Sharp worldbuilding, authentic characters, and thoughtful explorations of prejudice and misogyny bode well for future...

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REALM OF ASH

This second installment of an epic fantasy series that draws on the history and culture of the Mughal Empire (Empire of Sand, 2018) takes place a decade later.

Unlike her sister, Mehr, who remembered their Amrithi birth mother and the rituals of their people, Arwa has done her best to embrace the Ambhan heritage of their nobleman father and follow the guidance of her Ambhan stepmother. But when a dark force slaughters her husband and all the soldiers under his command, Arwa owes her survival to her Amrithi blood, literally, as shedding it can ward off the spirits known as daivas. The new widow resolves to put the magic of her blood into the service of the Ambhan Empire, which has suffered a material and spiritual decline since the death of the Maha, the empire’s near-immortal founder. She joins the emperor’s bastard, Zahir, in a dangerous quest in the titular realm of ash, a dream world where one can encounter and absorb the memories of the dead. Arwa’s blood eases the path to the Maha’s memories, which Zahir believes can save the empire. But the other memories they encounter, and the political turmoil surrounding the emperor’s decline, send them on an even more dangerous—but far more redemptive—journey. Arwa’s gradual rebellion against the society that crushed her mother’s people is an intriguing counterpoint to her older sister’s more overt resistance in Book 1; Arwa must battle her own ignorance of her heritage as well as the forces arrayed against her due to prejudice and her placement in a noble court during a fight for the succession. She is a well-drawn and sympathetic character; even in 2019, readers will understand a situation in which a woman is forced to suppress personal qualities to fit an approved model of a smiling, submissive helpmeet. The novel is also a nicely crafted exploration of the implications of the previous volume; after centuries in which the gods were impelled to dream the positive fortunes of the Ambhan Empire, more negative forces are now in play to balance the scales.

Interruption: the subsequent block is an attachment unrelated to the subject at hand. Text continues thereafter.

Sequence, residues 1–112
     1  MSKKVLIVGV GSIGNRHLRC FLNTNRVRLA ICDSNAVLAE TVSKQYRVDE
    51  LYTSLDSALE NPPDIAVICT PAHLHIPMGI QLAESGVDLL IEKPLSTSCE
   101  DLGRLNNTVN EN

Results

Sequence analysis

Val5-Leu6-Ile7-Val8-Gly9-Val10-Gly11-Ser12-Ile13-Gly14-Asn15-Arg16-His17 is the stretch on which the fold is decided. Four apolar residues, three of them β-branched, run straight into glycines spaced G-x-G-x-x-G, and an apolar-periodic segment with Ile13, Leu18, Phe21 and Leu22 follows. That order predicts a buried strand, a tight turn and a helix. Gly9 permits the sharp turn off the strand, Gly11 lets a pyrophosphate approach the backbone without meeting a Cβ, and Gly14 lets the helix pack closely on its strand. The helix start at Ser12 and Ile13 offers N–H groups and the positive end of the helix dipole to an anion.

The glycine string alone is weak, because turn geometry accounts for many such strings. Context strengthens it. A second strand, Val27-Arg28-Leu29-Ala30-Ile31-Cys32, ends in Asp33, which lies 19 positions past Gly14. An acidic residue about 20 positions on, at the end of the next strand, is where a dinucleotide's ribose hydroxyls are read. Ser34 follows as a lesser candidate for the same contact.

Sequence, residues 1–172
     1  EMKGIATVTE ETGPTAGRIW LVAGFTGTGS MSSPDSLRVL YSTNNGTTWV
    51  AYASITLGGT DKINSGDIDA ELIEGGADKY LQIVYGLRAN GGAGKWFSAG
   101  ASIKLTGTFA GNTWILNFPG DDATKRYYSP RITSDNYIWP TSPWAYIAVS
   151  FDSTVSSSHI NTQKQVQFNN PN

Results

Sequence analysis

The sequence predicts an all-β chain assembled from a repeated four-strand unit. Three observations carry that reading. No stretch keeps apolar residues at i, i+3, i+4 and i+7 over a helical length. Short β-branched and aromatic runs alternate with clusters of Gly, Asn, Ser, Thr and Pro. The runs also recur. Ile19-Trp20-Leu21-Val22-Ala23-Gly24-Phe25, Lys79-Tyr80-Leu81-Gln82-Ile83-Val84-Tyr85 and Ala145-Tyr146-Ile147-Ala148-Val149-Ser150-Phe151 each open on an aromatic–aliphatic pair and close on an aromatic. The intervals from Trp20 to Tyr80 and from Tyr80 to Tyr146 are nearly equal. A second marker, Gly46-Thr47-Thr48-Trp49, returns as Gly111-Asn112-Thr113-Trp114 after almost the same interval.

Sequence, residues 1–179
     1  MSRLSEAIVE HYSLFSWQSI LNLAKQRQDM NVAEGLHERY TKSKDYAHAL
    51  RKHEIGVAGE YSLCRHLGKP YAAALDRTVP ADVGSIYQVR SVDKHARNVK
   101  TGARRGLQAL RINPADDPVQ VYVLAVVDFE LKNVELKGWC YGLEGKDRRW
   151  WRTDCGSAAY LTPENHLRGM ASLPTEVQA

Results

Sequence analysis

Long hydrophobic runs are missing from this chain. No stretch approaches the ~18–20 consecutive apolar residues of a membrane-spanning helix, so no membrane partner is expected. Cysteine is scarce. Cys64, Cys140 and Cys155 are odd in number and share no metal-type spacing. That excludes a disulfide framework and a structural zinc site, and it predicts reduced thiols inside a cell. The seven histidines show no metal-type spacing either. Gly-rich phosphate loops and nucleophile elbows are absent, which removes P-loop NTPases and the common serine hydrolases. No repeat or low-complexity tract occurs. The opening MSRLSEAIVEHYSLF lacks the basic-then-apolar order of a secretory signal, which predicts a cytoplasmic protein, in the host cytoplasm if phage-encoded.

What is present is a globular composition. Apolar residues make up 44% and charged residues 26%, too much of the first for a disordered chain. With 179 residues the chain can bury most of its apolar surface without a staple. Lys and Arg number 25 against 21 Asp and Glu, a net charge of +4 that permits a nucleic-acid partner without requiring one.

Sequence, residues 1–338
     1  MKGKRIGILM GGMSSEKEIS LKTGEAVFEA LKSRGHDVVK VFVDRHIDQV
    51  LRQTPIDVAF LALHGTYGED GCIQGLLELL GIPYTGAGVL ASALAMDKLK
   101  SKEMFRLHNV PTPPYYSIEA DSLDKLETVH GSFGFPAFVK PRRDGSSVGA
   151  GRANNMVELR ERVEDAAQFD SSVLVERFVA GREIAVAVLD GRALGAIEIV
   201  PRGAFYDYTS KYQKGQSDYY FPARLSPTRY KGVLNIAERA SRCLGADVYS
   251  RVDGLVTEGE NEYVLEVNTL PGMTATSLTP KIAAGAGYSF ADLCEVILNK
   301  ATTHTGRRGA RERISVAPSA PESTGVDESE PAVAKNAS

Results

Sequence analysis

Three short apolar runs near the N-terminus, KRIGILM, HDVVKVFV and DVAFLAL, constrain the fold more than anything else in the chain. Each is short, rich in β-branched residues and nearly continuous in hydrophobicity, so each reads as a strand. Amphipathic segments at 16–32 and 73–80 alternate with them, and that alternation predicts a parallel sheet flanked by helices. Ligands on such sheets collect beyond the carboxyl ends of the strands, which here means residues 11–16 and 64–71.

Sharp worldbuilding, authentic characters, and thoughtful explorations of prejudice and misogyny bode well for future volumes.

Pub Date: Nov. 12, 2019

ISBN: 978-0-316-44975-5

Page Count: 480

Publisher: Orbit

Review Posted Online: Oct. 28, 2019

Kirkus Reviews Issue: Nov. 15, 2019

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A tasty, if not always tasteful, tale of supernatural mayhem that fans of King and Crichton alike will enjoy.

DEVOLUTION

Are we not men? We are—well, ask Bigfoot, as Brooks does in this delightful yarn, following on his bestseller World War Z (2006).

A zombie apocalypse is one thing. A volcanic eruption is quite another, for, as the journalist who does a framing voice-over narration for Brooks’ latest puts it, when Mount Rainier popped its cork, “it was the psychological aspect, the hyperbole-fueled hysteria that had ended up killing the most people.” Maybe, but the sasquatches whom the volcano displaced contributed to the statistics, too, if only out of self-defense. Brooks places the epicenter of the Bigfoot war in a high-tech hideaway populated by the kind of people you might find in a Jurassic Park franchise: the schmo who doesn’t know how to do much of anything but tries anyway, the well-intentioned bleeding heart, the know-it-all intellectual who turns out to know the wrong things, the immigrant with a tough backstory and an instinct for survival. Indeed, the novel does double duty as a survival manual, packed full of good advice—for instance, try not to get wounded, for “injury turns you from a giver to a taker. Taking up our resources, our time to care for you.” Brooks presents a case for making room for Bigfoot in the world while peppering his narrative with timely social criticism about bad behavior on the human side of the conflict: The explosion of Rainier might have been better forecast had the president not slashed the budget of the U.S. Geological Survey, leading to “immediate suspension of the National Volcano Early Warning System,” and there’s always someone around looking to monetize the natural disaster and the sasquatch-y onslaught that follows. Brooks is a pro at building suspense even if it plays out in some rather spectacularly yucky episodes, one involving a short spear that takes its name from “the sucking sound of pulling it out of the dead man’s heart and lungs.” Grossness aside, it puts you right there on the scene.